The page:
The Wageworker. (Lincoln, Neb.) 1904-????, November 14, 1908, Image 4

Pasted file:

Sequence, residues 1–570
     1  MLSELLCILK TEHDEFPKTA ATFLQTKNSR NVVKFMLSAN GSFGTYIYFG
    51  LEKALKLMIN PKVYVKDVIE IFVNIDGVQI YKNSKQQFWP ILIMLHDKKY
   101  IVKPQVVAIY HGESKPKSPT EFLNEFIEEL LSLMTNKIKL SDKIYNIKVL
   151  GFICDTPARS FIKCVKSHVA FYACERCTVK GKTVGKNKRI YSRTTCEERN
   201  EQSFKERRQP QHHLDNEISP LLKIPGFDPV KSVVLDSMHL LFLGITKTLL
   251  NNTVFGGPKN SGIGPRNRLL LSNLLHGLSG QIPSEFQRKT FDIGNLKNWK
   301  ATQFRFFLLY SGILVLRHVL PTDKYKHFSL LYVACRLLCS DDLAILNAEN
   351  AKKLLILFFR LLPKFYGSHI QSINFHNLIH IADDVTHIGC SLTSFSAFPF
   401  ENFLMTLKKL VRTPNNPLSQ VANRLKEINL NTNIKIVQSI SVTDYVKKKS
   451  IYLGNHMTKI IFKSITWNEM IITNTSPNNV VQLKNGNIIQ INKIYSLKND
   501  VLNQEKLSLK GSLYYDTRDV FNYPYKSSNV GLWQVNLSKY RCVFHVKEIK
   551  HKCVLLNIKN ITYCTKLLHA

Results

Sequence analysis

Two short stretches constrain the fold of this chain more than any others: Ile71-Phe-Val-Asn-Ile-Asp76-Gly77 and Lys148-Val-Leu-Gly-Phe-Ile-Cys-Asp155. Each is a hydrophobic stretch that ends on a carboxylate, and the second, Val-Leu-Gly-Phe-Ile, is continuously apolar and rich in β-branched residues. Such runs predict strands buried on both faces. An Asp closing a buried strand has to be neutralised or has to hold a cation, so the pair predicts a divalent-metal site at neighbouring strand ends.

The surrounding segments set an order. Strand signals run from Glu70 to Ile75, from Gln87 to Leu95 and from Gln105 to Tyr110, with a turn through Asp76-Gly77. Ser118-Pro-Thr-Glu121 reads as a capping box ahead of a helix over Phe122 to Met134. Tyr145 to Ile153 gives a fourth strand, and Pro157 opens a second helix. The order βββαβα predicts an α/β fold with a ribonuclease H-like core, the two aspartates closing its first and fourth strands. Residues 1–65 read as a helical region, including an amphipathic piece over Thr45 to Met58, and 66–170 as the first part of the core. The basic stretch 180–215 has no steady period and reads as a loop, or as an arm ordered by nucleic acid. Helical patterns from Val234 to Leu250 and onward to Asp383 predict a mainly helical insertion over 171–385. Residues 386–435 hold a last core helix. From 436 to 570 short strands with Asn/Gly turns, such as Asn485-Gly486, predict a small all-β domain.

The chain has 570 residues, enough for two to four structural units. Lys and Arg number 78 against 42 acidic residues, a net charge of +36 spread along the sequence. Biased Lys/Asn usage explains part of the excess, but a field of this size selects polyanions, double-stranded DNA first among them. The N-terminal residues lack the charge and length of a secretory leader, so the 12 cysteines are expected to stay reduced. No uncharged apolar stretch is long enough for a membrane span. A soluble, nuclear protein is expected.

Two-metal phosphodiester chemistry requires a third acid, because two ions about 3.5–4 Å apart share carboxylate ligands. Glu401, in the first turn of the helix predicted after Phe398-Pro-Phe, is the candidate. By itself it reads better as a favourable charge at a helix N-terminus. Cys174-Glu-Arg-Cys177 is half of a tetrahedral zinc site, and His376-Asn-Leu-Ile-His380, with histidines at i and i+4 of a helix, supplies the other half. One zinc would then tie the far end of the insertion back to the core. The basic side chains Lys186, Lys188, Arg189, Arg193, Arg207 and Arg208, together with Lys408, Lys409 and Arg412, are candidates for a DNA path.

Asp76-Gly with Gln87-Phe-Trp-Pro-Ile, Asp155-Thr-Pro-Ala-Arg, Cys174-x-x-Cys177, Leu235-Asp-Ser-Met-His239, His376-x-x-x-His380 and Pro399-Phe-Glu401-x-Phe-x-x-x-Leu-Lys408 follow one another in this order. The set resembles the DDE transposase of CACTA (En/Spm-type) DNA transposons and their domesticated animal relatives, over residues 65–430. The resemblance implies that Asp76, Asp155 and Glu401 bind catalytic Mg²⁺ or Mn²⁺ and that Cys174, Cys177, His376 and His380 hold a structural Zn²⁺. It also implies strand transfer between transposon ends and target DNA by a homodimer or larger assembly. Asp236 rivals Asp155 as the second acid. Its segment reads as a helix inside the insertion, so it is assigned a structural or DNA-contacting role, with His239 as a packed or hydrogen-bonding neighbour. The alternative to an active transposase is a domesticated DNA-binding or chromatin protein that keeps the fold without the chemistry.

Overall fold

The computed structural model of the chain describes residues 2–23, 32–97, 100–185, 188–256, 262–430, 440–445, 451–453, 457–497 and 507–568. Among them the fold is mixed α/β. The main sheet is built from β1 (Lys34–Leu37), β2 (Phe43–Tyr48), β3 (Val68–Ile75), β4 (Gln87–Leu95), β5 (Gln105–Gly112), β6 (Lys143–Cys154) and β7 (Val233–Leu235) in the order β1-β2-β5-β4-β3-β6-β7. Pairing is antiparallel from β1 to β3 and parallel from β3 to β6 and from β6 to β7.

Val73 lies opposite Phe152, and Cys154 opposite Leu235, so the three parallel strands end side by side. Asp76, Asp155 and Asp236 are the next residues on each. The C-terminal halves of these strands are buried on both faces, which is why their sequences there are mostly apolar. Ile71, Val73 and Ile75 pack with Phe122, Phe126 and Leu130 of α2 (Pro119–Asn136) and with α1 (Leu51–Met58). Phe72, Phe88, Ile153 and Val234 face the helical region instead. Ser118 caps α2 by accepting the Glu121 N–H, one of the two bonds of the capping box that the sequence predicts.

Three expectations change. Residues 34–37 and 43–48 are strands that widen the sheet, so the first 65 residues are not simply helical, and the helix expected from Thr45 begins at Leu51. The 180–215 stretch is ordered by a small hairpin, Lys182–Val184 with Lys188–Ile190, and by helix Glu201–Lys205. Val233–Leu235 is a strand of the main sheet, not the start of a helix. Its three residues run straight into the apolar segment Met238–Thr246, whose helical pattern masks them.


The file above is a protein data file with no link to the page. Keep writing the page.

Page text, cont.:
WA6EW0RKER 5 OFFICE OF Dr. R. L. BENTLEY SPECIALIST CHILDREN Office Hours 1 to 4 p. m. Offlc 2118 O St. Both Phone LINCOLN. NEBRASKA KCUE SAM WANTS YOU od thousand of other, who are capable, to work for him. Com mon school education sufficient. No political influonco required. Steady employment, highest salar ies, vaHon with full pay. 8.0UU o.lnrka nMAded for the Cnnua Otlire alone in addition to the usual 40,000 appointed yearly in the internal Revenue, CuHtoma. Postal, Railway Mall and other branches of the service of the U. S. Also appointment in Philippine Islands and Panama. Full particulars free concern ing; all positions, salaries, examinations (hold soon in every state), sample examin ation questions, etc. Address MTI0ML COIIESPOIDEUE INSTITUTE, 44S M Uhotil lilt Ml-, Wlllligtoi, 0. C. Vageworkers, Attention "We have Money to Loan on Chattels. Plenty of it, too. Utmost secrecy. KELLY & NORRIS 19 So. Ilth St. LINCOLN SKINT CO. ETHEL B. ANDERSON. Proprietor. Exclusive Retailers. Manufacturers of HitMrrit, Midt-to-lleisire Petticoats 1235 N Street. Lincoln. Nebr. Dutton & Ward Furnaces, Sheet Iron and Tin Work, Hot Water Heating, Cor nices, Steel Ceilings and Sky lights, General Repair Work. 2011 O ST, LINCOLN, NEB. Avto 1598 Bell FS62 WILL M. MAUPIN, EDITOR Union Hade. The Best Made. Take oo Other Made by CUTTER CROSSETTE. Chlcaco GOVERNMENT POSITIONS 46,712 AppolDtments MSK pastycar. OoodUrpoitjoniiiU64otoM,fcwvr Ttwr. Excellent opiHH-uralUt for yonna people. TiiorouKli Imtrnctlon by mail. write for our ?tTil Servian AnnouuomMnt.eontailiillttfuUllifunnition about all goremiiiwit examinations and quuiuoiu ro. emtly uard by Um 1'ivil Kwrvuw ('oiumluion. COLUMBIAN CORRKP. COLLEGE. WASHINGTON. D. C. EARN BIG MONEY- 1 C n .00 Instruction for $ I fl .00 3 (J I LEARN AT HOwTI U CAmltt itulructioikdouMe ntrv boofckeDlnar. rM-nukavrtkiitrt. DuainvM iQnui, ttooica. mat rift is 1 fro 1 bo other outlay Uood povUlotu wftitlng. Dfjft I, CNcto BmlMti Trailing School, Chicago DR. GHAS.YUNGBLDT DENTIST ROOM 202, BURR BLK. ggESlj LINCOLN, NEB. Published Weekly at 137 No. 14th St., Lincoln, Neb. One Dollar a Year. Entered as second-class matter April 31, 1904, at the postofflce at Lincoln, Veb., under the Act of Congress oi March 3rd, 1879. "Printers Ink," the recog nized authority on advertis ing, after a thorough Investi gation on this subject, says: "A labor paper Is a far bet ter advertising medium than an ordinary newspaper In comparison with circulation. A labor paper, for example, having 2,000 subscribers Is of more value to the business man who advertises in It thi an ordinary paper with 12,000 subscribers.'' i Jl J Jt Jl Jl Jl Jl Jl Jt Jt JUDGE TAFT AND LABOR. Judge Taft has announced his pur pose to do everything possible to put labor on an equality with capital and give labor an equality of opportunity in the negotiations between theui. This is somewhat different from the view held by Abraham Lincoln, who insisted that labor was superior to cap ital and entitled to much more consid eration. But it seems a far cry from the republicanism of Abraham Lincoln to the republicanism that triumphed in 1908. I i - We are expert cleaners, dysts aa4 laiahara ol Ladles' and Gam- ti tlSBM's ClotblBX of aU kinds. The ftasat dresses a speolslty. TOT NEW niU' J. C. WOOD & CO. AojC for pricelist. PHONES: Bell, 147. Auto, ltI. ISM N 8L - - Llnooln, Neb. IXXXXXKXJJt V WXX HAYPEN'S ART STUDIO New Location; 1127 O Fins wrk a Specialty. Aato 3336 SOMEWHAT PERSONAL. On the evening of November 3 the Lincoln Ad Club held its regular monthly dinner, at which time Mr. Ed A. Higgins, advertising manager of the Brandeis & Sons Co. of Omaha, proprietors of the Boston Store, de livered an address on the topic, "Poa try in Advertising vs Advertising in Poetry." The Wageworker begs the indul gence of its readers for reproducing a portion of Mr. Higgins' address in 11 ;u of the usual grist of editorial matter1. The portion reproduced la personal to the editor of this little paper, but perhaps he will be par doned for the little streak of vanity which impels him to reprint it. Mr. Higgins discussed the value of poetry in advertising and mentioned several . notable incidents wherein this form of publicity was productive of commercial results. He instanced the "Spotless Town" and "Sunny Jim" advertising, but gave it as his opinion that the average "poetic ai vertlsing" was pretty poor stuff. Theii branching off from the' commercial Into the sentimental Mr. Higgins said and here's where the editor of The Wageworker blushes and bows his a knowledgements to Mr. Higgins' kind ness: 1 You have another poet in Lincoln one whose fame has traveled far. In the midst of his grind on newspaper work he stops abruptly once in a while and bursts into song. His sub jects vary from communion with na ture to philosophizing on the cant and veneer of life and in all lie shows the soul of the true poet. I refer to Will Maupin. Who can read that little gem of poetry he wrote entitled "The Baby's Shoes" without feeling his heart swell to the breaking point with love and sympathy? Mr. Maupin, too has written advertising poetry, al though he has done so unwittingly but he has hot gone to the commer cial world for his subject. : He chose the typical American home (his own) and the love that exists therein. There is no mercenary reward for advertising that, but, oh, the other t. wards that count so much IQ life l-e so rich. I can close my eyes and see him wending his way home after a hard day's work, a little brown-eyed boy and a golden-haired girl run to greet him. The door gained, a pudgy little fist grasps his features with a bpo boo for welcome. A steaming hot dinner served by the best woman in the world and then the fireplace and easy chair with "My Three." "Eyes o' Brown and Sunny Hair,. And Dickey Winktum Wee, ( Two beside my easy chair And one upon my knee; Thus the evenings come and go Till Mr. Sandman's call, Set three wee heads to nodding low And tired eyelids fall. 'This Is the way to sleepy town, Jump into bed and cuddle down.' Eyes o' Brown wants 'an'mal tales, Of bears and woolly things, While Sunny Hair most loudly wails For whirr of fairy wings. But Dickey Winktum Wee just winks His laughing eyes at me I wonder what the young man thinks Perched there upon my knee? 'So sing hey ho for Sleepy town. Jump into bed and cuddle down.' Once there was a big black bear' Two pairs of eyes grow bright, Two forms press closer to my chair As if to banish fright; 'And once there was a brave young boy,' Then-dimpled faces shine. While I with fairy lore add Joy To those sweet tots of mine. But Dickey Winktum Wee just crows Till off to Sleepytown he goes. 'Now I lay me down to sleep' The goodnight prayers are said, The fleecy clouds of slumber creep Above each little head. Eyes o' Brown and Sunny Hair, And Dinkey Winktum Wee, God guard and keep from ev'ry care My little ones for me. Safe in the shades of Sleepytown, Tucked in bed and the light turned down. . ' The greatness of our republic the wonderful achievements in the world of science, art or mislnessr the suc cess of almost every venture all rest upon the one foundation the home. If I were asked what is the secret of the giant strides made by this country I would point to the ordinary American homes as typified in Mr. Maupin's beautiful poem. The future will be just as rosy as long as homes like this exist and we owe a tribute to the mind that can so skilfully handle the spark of 1 homo love and home enthusiasm thus adver tising our true greatness to ourselves and all the world. ' Making cabinets for President Taft seems to be a popular pastime, so we take occasion to .jump into the game. Here's our frame-up: For secretary of state, James W. VanCleave; for secretaryof the Interior, Charles W. Post; for secretary of commerce anl labor, David M. Parry; for secretary of war, Harrison Gray Otis; for at torney general, Timothy J. Mahoney; for secretary of the treasury, Andrew Homestead Carnegie; for secretary of the navy, ex-Congressman Littlefield; for secretary of agriculture, Dan Keefe. Can you beat it? Of course Governor Sheldon will not, call an extra session of the legis lature. That sort of thing would be expected of a narrow-minded and spiteful man, but. George Lawson Sheldon is too big, too broadminded to take such a step. Well, Gompers may have scored a failure, but we notice that they are taking u wonderfully active interest in the workingmen, just the same And they never before showed any signs of knowing that the working man was on earth. When president Roosevelt carves the roast for those "labor leaders" he will only be advertising his smallness in not inviting Samuel Gompers to the conference. Now that the commission plan of municipal government has been en dorsed it is up to organized labor to get busy and pull out something bene ficial. Well, if Roosevelt don't slay any more lions and tigers than he did trusts, there will not be much shed ding of blood in the African Jungles, The first thing the democratic leg islature should do is to repeal the in famous garnishee law enacted by the last legislature. We wouldn't mind being commis sioner of immigration but we'd die before we'd let Theodore know it. The turning down of Gompers will be merely playing into the hanJs of organized labor's enemies. To the victors belong the spoils. This is a sign for VanCleave, Post and Parry to get busy. With that grand old friend of labor, oh ff ie Fa TImT The - Bottom 0 ir fl When the careful and economical dresser finds the place where he can combine the latest in style and the best in wear, with the lowest possible price, is it to be wondered at that he stops there and bestows his pat ronage? And is it to be wondered at that this store does the business ( when it always combines these things the best values for the least money. J There are about as many individual tastes in cloth ing as there are individual men, and the problem is to best suit the largest possible number of individual tastes. This store's buyers have solved that problem to the satisfaction of thousands of men. There is a refinement, a dignity, about the Armstrong Clothing that sets it apart and above the other kind. The "above is only in style, make, fit and wear not in the price. There is a something about our clothing "verve' it may be that. makes it a strong appeal to the neat, careful and economical dresser. "More v for the Money, and Better that's this store's motto. mm r Ml 0 Mil J Extra good values for the money in suits and overcoats from $1S to $40. This wade range makes it possible for us to suit every purse as well as every taste. The full value is in the fabric, the style and the make. OUR' BOY'S OEPARTira . fl This is really a big store in itself. It contains more goods than many clothing stores of huge pretensions. Anything and everything for the boys from 2 years old to 16. School outfitting is a strong point with us in this department. ArmstrtHfQ CI Company a Good Clothes Merchants James S. Sherman, presiding over the senate, and that other grand old friend of labor, Joseph G. Cannon, presiding over the house, it is easy to see where labor is going to get off at when congress gets busy. There is still a little too much thinking below the belt line for or ganized labor to make a winning po litical fight. The forthcoming legislature could make a ten-strike among laboring men by putting a crimp into the "loan sharks." Col. James W. VanCleave seems to be the possessor of a very fine hand made and non-union made vindication. Lincoln, Nebraska, continues to be the postofflce of the greatest citizen of this republic. has some industrial poetry for pri vate recitation, not for public print ing. . , . Gee, but we're proud of Lincoln, Havelock and Lancaster county. The next time we'll test our para chute before going up. . labor's Bull Run will yet result in Labor's Appomatox. And now altogether for a labor tem ple in Lincoln. The editor of this little newspaper ' That was organized labor's flVst real political battle, and a battle lost does not mean a war lost. Politics? O, forget it for a few weeks. MASQUERADE PARTY. Auxiliary No. 11 to Typographical Union No. 209 invite yourself, family and friends to a masquerade party at A. O. U. W, hall, 1007 O street, Mon day evening, November 16, 1908. FIRED THE FLINTS. ' About the first act of the Denver convention of the American Federa tion of Labor was to fire the Flint Glass Workers over the transom. This was done because the Flints were poaching on the preserves of the glass blowers.. " - .